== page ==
Falconry, which has historically been a male-dominated pastime among Arabs in the Middle East, is now experiencing a boom in female interest in the sport, similar to how the camel, the Saluki, and automobile racing have evolved in line with social changes. Falconry has existed throughout history, it is especially important in the culture of the UAE and the Middle East, where nomads have long used falcons to hunt for food, and where falconry is now popular in the UAE as a heritage sport that was inducted into UNESCO's List of Intangible Cultural Heritage of Humanity in 2016. It is a hobby that continues to bring families and communities together — a thread that binds the country's history, present, and future.
I spent the last two years photographing these female falconers, following them into the desert near Abu Dhabi and capturing intimate moments as they refined their abilities. These women are an indication of the boldness and independence of Arab women. Perhaps the falcons were a symbol to these women of limitless freedom, as well as of power. Throughout history, falconry has been passed down from father to son, but this is gradually changing in the UAE.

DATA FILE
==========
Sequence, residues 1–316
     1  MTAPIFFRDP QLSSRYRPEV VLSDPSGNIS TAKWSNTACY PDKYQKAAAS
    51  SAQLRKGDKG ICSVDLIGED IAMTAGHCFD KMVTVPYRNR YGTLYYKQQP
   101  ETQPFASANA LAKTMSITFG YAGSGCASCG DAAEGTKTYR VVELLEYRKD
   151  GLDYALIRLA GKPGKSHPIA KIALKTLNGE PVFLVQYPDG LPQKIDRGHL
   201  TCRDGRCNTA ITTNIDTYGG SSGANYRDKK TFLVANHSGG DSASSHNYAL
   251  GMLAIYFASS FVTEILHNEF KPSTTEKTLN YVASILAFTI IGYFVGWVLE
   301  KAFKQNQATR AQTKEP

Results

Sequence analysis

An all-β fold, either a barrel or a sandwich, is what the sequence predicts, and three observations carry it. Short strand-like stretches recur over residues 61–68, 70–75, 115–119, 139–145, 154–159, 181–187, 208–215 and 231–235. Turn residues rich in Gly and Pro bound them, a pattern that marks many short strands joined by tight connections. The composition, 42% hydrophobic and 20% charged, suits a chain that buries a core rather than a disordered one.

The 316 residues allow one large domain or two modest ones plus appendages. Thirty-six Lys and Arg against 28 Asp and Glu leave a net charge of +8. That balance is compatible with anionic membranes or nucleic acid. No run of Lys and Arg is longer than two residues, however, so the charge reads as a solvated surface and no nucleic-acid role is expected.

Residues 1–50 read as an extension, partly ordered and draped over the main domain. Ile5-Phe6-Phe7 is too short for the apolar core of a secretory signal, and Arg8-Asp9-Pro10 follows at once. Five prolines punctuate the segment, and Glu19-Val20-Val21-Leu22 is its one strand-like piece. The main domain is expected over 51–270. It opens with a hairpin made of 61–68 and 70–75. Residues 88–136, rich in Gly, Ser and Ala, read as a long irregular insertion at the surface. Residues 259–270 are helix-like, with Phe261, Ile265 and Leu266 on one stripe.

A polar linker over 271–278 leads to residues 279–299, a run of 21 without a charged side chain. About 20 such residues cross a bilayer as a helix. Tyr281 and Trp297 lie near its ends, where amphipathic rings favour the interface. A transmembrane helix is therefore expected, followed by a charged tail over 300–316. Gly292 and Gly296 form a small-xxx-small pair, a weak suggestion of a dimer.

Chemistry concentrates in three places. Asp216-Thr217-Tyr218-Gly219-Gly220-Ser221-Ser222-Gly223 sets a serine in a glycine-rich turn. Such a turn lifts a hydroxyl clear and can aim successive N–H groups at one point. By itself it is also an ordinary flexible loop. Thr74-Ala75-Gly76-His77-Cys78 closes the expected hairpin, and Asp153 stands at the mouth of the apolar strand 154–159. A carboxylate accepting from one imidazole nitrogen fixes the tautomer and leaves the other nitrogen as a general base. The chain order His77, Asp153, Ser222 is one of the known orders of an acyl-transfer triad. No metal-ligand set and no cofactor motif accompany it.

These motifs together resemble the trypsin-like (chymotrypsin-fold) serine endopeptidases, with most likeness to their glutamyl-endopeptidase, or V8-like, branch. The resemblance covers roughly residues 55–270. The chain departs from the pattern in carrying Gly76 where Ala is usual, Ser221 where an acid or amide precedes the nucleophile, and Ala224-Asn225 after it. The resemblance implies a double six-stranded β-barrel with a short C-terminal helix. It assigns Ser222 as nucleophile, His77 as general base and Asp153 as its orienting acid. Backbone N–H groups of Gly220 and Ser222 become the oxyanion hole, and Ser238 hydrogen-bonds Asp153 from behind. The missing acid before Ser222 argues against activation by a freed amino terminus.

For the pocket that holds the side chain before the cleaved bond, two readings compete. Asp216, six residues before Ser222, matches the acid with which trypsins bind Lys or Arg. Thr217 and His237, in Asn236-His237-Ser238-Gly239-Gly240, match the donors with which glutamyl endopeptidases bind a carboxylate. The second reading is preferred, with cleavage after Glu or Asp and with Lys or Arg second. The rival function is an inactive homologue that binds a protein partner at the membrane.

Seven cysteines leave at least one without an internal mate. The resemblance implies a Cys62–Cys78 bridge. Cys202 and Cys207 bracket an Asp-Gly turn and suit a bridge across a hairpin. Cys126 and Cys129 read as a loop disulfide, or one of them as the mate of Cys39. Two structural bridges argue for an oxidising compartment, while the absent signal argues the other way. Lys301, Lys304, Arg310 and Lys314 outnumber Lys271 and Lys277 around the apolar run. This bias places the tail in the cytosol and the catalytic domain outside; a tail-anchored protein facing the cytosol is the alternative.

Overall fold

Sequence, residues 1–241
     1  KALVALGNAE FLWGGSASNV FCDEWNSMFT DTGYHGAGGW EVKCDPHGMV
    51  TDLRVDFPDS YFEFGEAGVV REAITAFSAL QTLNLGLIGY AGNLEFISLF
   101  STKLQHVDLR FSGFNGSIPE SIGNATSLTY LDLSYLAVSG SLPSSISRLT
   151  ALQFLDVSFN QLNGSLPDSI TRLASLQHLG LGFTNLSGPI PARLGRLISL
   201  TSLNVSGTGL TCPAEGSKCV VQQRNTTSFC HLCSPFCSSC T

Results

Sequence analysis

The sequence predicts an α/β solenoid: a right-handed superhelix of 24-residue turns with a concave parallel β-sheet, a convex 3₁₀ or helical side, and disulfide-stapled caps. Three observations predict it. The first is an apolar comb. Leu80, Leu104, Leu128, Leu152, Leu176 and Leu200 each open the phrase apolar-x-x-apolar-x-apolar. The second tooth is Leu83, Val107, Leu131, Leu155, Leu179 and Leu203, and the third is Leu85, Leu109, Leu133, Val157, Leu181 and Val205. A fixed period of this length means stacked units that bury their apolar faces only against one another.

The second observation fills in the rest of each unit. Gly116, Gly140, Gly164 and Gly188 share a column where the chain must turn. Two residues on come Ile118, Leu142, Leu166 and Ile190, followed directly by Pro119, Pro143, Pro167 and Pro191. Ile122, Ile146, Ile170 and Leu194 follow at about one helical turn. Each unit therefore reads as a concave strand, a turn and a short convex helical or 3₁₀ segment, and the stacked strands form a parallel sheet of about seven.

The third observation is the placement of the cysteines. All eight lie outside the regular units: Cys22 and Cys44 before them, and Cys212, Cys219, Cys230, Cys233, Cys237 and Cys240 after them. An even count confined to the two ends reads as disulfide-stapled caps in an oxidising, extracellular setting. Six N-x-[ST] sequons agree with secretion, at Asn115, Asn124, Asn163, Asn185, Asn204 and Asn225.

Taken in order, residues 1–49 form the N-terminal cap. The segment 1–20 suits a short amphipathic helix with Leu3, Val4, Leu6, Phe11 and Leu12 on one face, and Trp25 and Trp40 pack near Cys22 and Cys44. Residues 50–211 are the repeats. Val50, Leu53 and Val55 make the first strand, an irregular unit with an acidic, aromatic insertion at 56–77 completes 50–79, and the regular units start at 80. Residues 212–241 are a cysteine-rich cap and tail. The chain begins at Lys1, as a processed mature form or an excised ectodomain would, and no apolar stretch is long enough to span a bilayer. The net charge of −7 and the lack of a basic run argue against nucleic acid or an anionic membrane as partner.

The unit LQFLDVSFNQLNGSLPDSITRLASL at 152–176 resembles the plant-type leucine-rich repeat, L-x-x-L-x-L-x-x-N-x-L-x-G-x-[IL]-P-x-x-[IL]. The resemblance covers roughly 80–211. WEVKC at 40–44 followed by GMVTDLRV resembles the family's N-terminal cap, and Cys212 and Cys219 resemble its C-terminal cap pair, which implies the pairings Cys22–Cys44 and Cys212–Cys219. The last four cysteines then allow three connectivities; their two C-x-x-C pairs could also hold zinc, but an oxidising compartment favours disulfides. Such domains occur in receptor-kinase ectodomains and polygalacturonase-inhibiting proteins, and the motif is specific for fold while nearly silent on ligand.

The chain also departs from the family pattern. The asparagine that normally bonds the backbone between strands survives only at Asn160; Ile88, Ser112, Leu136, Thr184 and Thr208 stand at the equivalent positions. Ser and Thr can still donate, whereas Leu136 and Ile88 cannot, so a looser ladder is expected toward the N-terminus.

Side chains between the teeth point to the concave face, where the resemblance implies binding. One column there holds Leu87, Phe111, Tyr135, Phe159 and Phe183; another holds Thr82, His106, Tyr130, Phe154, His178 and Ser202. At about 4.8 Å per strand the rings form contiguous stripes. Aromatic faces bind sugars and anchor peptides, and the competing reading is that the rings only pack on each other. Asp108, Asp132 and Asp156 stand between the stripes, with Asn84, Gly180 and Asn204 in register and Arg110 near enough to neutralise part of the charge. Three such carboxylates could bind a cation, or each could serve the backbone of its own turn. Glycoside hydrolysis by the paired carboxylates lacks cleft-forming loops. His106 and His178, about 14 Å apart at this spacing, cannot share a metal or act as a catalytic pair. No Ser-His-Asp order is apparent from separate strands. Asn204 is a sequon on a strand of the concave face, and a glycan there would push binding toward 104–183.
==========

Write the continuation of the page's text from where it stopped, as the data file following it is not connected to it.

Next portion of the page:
“Female falcons are used for hunting because they are larger and more powerful than the males, and yet, historically, most falconers were men,”
Women find it difficult to hunt in the desert since falconry is a physically demanding hobby. Furthermore, the rough landscape of the desert made it difficult for women to engage on falcon hunting excursions in ancient times. That is why, for centuries, males have dominated this profession, despite the fact that women indirectly assist men in falconry, which subtly excludes women.
My aim is to document women related project from this region.
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For the past two years, photographer Vidhyaa Chandramohan has paid witness as falconry has shifted from being a purely male-dominated sport
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Osha Al Mansoori has been trained by her mother from a young age to join the next generation of female falconers